FMG News no.10, sent to members electronically in September 2014, invited readers to submit solutions to a puzzle over the date of a papal letter from the 12th century. The puzzle was posed by Andrew B W MacEwen, and is repeated in summary form in the full article below, together with the solution submitted by Benedict Wiedemann, Department of History, University College, London.

Foundations (2015) 7: 57-58                                              © Copyright FMG and the author


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The puzzle and the solution

The letter[1] from Pope Adrian IV, Intra cetera justitie, dated at the Lateran on 13 March, was addressed to the bishops of Scotland, exhorting them to show due obedience to Archbishop Roger of York. Withdrawing such obedience would endanger both their souls and their episcopal offices. If the bishops had any reason why they ought not to obey Roger they should present their arguments before the pope before next Laetare Sunday.[2] Based on the pope’s itinerary the letter must have been written in 1157, 1158 or 1159. Somerville suggested that the legation to Italy in 1159 of Bishop William of Moray, and Nicholas, clerk and chamberlain to King Malcolm IV, was in part a response to this letter.

The problem posed was whether it can be determined with certainty in which of the three possible years the letter was written.

Dr Wiedemann’s solution is as follows: The letter from Adrian IV probably dates to 13 March 1157 because of its decision to give “the next” – proximam – Laetare Sunday as the cut-off point for an appeal. Laetare Sunday is dependent on the date of Easter and so is a movable feast. In 1157 Laetare Sunday had been on 10 March. Thus the “next” Laetare Sunday for a letter composed on 13 March 1157 would be Laetare Sunday 1158 (30 March 1158), allowing the recipient the best part of a year to travel to the papal court in order to appeal. However if the letter had been written on 13 March 1158 then the next Laetare Sunday would be on 30 March 1158 – just 17 days after the letter was written. Had the missive been composed on 13 March 1159 then the next Laetare Sunday would have been 22 March 1159 - nine days after. If the letter had been composed in either 1158 or 1159 then by the time it reached Bishop Robert in St Andrews the date for appeals would have long passed. There is no way that the letter could even reach Scotland, let alone a reply be dispatched to the curia, in either 17 or nine days. The time allotted to allow an appeal would be obviously inadequate. Therefore the letter must have been written in 1157 with the intention of setting Laetare Sunday 1158 as the deadline for an appeal.

Mr MacEwen concurs with this analysis, pointing out that Adrian must have written in a year when Laetare Sunday preceded the date of his letter. Had Somerville worked out the dates of Laetare Sunday in these years the solution would have been obvious. If the Scottish embassy of 1159 was a response to the letter, it was a belated one.

Further background

Mr MacEwen has contributed this additional information:

Nicholas Breakspear, the only English pope, was elected on 4 December 1154 in succession to the aged Anastasius IV. He was crowned the following day, 5 December, taking the name Adrian IV. “Strong-willed and clear-sighted, determined to assert the full monarchical claims of the papacy,” he “combined unyielding resolution with amiability and a willingness to listen to criticism.” [3] He died 1 Sept 1159, aged about 60.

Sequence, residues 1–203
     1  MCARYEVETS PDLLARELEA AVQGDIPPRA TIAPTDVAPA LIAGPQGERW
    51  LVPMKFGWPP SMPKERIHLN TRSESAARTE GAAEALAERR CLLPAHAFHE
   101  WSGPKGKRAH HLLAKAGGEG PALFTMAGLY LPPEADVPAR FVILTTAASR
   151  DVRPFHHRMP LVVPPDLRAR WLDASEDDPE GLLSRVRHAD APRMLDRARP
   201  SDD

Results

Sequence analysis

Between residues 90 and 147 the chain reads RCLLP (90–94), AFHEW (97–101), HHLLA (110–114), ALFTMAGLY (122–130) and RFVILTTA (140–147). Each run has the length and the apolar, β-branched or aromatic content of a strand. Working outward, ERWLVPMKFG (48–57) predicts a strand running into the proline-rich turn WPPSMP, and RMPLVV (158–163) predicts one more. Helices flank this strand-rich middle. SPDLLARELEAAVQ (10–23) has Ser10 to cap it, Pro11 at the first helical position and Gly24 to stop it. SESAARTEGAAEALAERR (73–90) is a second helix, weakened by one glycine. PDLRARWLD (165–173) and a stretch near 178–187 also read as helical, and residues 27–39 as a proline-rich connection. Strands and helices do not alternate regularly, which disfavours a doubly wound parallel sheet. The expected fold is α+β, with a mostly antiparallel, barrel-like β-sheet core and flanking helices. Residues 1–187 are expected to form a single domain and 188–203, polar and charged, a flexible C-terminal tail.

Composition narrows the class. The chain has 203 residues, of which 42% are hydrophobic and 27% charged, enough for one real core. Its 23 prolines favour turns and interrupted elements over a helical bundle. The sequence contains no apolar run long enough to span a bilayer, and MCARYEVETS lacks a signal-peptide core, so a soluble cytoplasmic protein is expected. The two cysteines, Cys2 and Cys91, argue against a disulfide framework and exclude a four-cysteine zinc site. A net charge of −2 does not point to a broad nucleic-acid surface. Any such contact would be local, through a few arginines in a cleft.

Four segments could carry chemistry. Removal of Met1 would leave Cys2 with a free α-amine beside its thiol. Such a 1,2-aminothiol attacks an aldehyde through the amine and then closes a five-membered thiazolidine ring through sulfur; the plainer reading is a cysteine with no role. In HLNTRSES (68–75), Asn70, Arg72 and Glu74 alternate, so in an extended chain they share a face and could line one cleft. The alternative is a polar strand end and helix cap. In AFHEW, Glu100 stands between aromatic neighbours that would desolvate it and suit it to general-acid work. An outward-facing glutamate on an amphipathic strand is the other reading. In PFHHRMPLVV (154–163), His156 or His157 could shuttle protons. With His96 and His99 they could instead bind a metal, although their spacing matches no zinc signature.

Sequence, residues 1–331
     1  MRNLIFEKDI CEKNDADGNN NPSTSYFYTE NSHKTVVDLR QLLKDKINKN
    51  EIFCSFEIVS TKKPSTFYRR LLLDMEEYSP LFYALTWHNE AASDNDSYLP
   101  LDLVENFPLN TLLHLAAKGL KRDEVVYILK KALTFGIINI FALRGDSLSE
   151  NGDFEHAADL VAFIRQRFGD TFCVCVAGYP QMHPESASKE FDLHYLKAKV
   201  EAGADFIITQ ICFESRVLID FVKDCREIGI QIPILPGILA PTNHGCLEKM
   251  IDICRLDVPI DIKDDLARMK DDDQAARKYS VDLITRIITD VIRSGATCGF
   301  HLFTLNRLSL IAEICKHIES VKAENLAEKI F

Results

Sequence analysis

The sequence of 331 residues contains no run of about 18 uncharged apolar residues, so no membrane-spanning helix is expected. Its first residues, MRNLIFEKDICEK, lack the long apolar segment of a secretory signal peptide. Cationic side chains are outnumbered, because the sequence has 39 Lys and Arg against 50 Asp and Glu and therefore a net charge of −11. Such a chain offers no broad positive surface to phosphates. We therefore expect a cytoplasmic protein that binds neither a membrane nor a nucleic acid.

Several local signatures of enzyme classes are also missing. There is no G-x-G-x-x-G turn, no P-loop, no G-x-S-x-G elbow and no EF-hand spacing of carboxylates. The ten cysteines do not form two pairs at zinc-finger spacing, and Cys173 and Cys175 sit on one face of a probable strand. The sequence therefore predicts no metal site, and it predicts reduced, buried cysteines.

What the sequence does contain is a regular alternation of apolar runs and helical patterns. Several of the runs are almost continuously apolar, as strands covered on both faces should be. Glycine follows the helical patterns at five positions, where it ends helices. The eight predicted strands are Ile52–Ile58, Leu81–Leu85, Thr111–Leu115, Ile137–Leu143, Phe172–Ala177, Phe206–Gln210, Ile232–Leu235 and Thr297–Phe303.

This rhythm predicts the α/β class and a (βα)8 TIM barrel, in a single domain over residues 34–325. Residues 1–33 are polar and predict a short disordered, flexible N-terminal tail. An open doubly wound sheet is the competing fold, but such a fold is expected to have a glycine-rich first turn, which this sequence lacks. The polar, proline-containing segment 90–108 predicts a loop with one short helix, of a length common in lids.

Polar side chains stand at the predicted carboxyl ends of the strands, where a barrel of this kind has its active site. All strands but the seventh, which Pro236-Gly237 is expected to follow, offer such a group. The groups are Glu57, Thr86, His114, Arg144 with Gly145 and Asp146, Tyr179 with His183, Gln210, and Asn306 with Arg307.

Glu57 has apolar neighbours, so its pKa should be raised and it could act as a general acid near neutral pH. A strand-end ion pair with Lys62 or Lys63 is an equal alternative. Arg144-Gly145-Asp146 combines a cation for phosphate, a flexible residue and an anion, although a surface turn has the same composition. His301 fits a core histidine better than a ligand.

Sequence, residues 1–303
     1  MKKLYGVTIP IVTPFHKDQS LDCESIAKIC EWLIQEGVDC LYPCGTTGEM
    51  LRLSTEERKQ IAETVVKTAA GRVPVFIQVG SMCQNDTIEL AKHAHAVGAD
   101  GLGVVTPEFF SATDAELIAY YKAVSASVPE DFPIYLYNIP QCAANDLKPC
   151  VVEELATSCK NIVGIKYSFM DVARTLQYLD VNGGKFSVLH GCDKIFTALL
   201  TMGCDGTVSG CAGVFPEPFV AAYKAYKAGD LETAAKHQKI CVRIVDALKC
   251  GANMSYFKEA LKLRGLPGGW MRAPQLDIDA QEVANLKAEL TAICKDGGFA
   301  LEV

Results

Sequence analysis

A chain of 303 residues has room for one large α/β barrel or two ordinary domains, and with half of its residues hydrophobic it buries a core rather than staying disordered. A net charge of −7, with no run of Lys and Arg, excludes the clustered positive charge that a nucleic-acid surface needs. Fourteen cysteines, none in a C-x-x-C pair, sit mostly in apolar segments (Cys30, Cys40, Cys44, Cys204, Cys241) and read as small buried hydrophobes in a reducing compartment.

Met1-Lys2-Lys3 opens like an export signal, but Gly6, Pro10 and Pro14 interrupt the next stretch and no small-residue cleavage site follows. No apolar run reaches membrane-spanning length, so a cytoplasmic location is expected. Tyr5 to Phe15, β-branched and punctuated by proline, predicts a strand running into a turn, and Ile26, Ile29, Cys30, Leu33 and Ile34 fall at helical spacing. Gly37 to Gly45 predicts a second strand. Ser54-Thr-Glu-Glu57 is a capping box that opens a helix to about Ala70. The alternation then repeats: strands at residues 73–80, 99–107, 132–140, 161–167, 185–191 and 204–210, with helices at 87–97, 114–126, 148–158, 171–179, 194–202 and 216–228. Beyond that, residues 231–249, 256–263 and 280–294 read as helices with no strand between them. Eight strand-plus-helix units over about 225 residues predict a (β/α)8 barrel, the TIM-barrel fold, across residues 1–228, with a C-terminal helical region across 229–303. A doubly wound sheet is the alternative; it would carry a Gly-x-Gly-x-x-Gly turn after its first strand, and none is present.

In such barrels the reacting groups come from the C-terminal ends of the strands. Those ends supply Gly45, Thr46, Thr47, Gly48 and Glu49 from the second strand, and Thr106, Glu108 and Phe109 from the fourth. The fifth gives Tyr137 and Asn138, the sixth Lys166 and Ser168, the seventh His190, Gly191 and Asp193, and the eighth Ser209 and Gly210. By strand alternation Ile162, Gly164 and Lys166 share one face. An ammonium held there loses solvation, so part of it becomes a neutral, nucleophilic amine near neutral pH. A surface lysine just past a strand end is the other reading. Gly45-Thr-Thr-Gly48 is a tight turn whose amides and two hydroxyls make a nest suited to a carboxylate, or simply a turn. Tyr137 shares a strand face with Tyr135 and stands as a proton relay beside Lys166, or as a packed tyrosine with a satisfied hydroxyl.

Quite apart from the evidence of his itinerary, which presumably shows he was not at the Lateran in mid-March in the first two years of his pontificate, it is clear that the letter to the Scottish bishops could not have been written in 1156 when Laetere Sunday was 25 March, only 12 days later. In 1155, as in 1157, it was earlier, 6 March. However he had on 27 February that year addressed Quotiens in aliqua from St Peter’s, Rome, to the Scottish bishops informing them that he had received Roger of York and granted him the pallium. The pontiff commanded the bishops to show Roger due obedience. Intra cetera iustitie was thus written two years after Quotiens in aliqua, as it had become clear the Scottish bishops were refusing obedience to Archbishop Roger.

The problem of the York obedience dragged on for decades[4] until Celestine III decreed on 13 March 1191/2 that the Scottish church, as a “special daughter” of the apostolic see, ought to be subject to it directly with no intermediary.[5] This applied to the sees of St Andrews, Glasgow, Dunkeld, Dunblane, Brechin, Aberdeen, Moray, Ross and Caithness. Whithorn (Galloway) remained subject to York.

 Adrian IV, the English pope

Adrian IV 

Public domain image from Wikipedia


[1]     Robert Somerville, Scotia Pontificia: papal letters to Scotland before the pontificate of Innocent III, (1982), 47-48 (#40).

[2]     Laetare Sunday is the 4th Sunday in Lent, deriving from the start of the introit at Mass (Laetare [O be joyful] Jerusalem). It was also, according to Cardinal Albinus’s Ordines Romani of c.1188, one of eighteen festive occasions during the year when the pope ‘must be crowned’….”; I S Robinson, The Papacy 1073-1198: Continuity and innovation, (1990), 20-22.

[3]     J N D Kelly, The Oxford Dictionary of Popes, pp.174-5, 1986.

[4]     Somerville op. cit. pp.3-10, 163-5.

[5]     Somerville op. cit. pp.142-4.

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